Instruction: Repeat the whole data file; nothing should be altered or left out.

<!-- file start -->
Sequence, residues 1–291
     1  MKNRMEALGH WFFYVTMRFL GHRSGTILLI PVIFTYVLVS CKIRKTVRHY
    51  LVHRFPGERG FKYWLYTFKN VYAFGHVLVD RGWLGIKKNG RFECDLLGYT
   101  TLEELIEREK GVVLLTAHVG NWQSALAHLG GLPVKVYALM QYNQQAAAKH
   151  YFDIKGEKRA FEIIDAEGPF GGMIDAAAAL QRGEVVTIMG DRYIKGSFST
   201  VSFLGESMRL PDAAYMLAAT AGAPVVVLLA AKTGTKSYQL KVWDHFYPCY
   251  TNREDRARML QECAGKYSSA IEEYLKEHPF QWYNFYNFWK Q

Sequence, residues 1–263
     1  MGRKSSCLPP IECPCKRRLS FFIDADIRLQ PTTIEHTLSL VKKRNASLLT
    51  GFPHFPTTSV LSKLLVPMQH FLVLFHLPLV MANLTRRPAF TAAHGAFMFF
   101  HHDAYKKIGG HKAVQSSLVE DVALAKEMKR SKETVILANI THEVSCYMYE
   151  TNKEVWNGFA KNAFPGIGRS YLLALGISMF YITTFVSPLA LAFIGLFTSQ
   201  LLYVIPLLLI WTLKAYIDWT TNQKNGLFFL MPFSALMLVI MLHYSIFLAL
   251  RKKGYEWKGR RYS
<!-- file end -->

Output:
Sequence, residues 1–291
     1  MKNRMEALGH WFFYVTMRFL GHRSGTILLI PVIFTYVLVS CKIRKTVRHY
    51  LVHRFPGERG FKYWLYTFKN VYAFGHVLVD RGWLGIKKNG RFECDLLGYT
   101  TLEELIEREK GVVLLTAHVG NWQSALAHLG GLPVKVYALM QYNQQAAAKH
   151  YFDIKGEKRA FEIIDAEGPF GGMIDAAAAL QRGEVVTIMG DRYIKGSFST
   201  VSFLGESMRL PDAAYMLAAT AGAPVVVLLA AKTGTKSYQL KVWDHFYPCY
   251  TNREDRARML QECAGKYSSA IEEYLKEHPF QWYNFYNFWK Q

Sequence, residues 1–263
     1  MGRKSSCLPP IECPCKRRLS FFIDADIRLQ PTTIEHTLSL VKKRNASLLT
    51  GFPHFPTTSV LSKLLVPMQH FLVLFHLPLV MANLTRRPAF TAAHGAFMFF
   101  HHDAYKKIGG HKAVQSSLVE DVALAKEMKR SKETVILANI THEVSCYMYE
   151  TNKEVWNGFA KNAFPGIGRS YLLALGISMF YITTFVSPLA LAFIGLFTSQ
   201  LLYVIPLLLI WTLKAYIDWT TNQKNGLFFL MPFSALMLVI MLHYSIFLAL
   251  RKKGYEWKGR RYS